Kallas also talked about data exchange and how it could be improved, building on existing changes via Estonia's X-Road system and Finland's equivalent, and noting that the planned digital vaccination passport will follow similar lines while providing proof of the competence of those issuing inoculations.
The passport would function much as boarding cards have done, and involve swiping a code on a scanner when wanting to travel internationally, and receive either a green or red light accordingly.
In a moment of levity, Kallas, who opened her presentation in Finnish, joked that while the Finnish side of a planned study on Finnish-Estonian relations, future cooperation and the relationship as it stands, is headed up by politician Anne-Mari Virolainen, Estonia was unable to find a counterpart with the second name "Suomalainen".
"Virolainen" means "Estonian" (person) in Finnish, while "Suomalainen" means a Finn.
Kallas also meet with President Sauli Niinistö
Other topics on the table included the EU, climate change, security and relations with Russia, as well as Finland taking up the presidency of the Nordic-Baltic Eight (NB8) group.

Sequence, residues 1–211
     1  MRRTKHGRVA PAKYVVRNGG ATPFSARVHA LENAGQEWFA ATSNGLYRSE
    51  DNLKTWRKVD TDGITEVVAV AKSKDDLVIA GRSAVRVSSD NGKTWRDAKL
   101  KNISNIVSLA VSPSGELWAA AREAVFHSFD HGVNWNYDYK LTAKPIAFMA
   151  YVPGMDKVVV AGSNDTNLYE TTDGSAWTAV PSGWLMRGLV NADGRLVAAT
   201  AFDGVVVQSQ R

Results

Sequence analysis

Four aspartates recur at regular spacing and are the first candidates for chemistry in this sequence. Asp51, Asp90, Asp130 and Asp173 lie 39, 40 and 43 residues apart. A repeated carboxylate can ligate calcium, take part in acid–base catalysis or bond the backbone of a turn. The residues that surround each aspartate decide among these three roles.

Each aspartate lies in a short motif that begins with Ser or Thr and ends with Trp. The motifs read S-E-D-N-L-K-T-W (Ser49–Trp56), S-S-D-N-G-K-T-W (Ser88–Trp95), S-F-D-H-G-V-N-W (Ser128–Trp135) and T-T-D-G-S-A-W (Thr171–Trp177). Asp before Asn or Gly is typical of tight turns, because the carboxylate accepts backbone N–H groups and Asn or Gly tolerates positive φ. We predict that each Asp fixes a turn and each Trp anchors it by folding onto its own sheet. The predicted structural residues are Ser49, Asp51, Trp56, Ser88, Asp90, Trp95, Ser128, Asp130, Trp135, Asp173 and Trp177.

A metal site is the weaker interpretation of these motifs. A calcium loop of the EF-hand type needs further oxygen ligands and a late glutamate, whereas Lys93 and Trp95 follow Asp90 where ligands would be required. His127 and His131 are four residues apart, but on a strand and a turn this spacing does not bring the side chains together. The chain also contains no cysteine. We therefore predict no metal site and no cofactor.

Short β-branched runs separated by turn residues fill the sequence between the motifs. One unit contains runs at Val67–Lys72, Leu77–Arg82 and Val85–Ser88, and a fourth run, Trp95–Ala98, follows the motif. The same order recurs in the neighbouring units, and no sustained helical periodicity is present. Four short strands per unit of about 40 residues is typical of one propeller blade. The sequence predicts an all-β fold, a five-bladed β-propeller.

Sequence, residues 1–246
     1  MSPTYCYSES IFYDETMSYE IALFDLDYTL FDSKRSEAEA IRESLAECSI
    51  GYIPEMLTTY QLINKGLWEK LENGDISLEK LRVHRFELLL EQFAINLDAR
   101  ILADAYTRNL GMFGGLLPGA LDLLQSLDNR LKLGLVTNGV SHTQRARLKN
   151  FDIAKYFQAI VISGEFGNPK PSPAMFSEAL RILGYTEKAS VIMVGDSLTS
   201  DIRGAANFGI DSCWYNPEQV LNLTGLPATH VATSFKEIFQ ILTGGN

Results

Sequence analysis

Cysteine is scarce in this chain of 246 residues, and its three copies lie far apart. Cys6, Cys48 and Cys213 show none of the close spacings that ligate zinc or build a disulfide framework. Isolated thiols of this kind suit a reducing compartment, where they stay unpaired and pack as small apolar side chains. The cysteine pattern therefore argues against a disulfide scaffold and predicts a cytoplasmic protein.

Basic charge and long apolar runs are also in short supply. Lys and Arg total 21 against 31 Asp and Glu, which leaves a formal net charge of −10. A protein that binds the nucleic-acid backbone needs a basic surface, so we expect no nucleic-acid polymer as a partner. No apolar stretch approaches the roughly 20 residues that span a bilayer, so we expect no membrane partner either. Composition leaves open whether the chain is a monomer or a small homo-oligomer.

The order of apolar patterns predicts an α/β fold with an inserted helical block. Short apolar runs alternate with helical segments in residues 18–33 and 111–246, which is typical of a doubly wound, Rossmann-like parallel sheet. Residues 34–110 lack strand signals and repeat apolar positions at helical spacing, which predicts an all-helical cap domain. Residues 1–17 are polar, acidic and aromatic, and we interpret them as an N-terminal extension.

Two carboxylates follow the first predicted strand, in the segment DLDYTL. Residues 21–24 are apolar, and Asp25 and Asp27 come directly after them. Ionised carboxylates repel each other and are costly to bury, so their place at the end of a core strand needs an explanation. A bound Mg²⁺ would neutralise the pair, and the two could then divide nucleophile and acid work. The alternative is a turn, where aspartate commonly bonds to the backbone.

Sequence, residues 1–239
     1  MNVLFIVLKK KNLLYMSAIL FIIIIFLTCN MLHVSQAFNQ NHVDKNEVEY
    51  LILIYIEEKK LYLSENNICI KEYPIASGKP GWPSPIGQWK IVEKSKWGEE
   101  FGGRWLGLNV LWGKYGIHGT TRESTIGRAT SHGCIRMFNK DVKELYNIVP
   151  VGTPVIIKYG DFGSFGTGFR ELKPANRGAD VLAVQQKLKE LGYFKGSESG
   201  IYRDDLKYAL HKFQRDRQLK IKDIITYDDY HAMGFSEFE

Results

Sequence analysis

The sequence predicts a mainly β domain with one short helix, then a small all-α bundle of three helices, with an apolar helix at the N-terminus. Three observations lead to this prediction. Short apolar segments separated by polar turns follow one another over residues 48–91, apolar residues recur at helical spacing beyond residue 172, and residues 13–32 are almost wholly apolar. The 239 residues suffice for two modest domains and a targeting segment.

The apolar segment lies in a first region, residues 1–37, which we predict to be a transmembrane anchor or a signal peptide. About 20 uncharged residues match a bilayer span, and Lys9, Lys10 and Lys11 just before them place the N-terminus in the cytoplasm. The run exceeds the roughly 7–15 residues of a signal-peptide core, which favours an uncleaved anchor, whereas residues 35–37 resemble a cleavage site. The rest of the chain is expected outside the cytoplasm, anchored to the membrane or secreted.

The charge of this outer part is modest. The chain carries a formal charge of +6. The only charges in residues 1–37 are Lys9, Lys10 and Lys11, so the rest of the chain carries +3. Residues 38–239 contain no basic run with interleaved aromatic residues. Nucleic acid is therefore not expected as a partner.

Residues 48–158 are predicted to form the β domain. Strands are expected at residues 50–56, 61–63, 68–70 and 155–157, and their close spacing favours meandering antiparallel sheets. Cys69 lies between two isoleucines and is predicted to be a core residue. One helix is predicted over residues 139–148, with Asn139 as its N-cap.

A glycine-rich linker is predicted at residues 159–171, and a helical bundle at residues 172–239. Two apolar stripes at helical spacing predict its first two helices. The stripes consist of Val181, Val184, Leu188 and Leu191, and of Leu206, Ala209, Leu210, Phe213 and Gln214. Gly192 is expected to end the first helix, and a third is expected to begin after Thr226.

Kallas also met with Finnish president Sauli Niinistö, with Kallas saying she had been: "Delighted to meet with Sauli Niinistö on my first foreign visit. Being close neighbours with a deep and active relationship, Estonia and Finland share a very similar set of challenges."
Delighted to meet with Sauli @Niinisto on my first foreign visit! Being close neighbours with a deep and active relationship, Estonia and Finland share a very similar set of challenges. Fruitful discussions on #COVID19 related developments, security and Russia today. pic.twitter.com/8BKaQg14Lp— Kaja Kallas (@kajakallas) February 19, 2021
The full video of the press conference (in English and Finnish) is below.
Editor's note: This story was updated to include quotes from both prime ministers on the coronavirus situation, future plans regarding restrictions and vaccinations, shared links between the two countries and planned data exchange developments.
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Editor: Andrew Whyte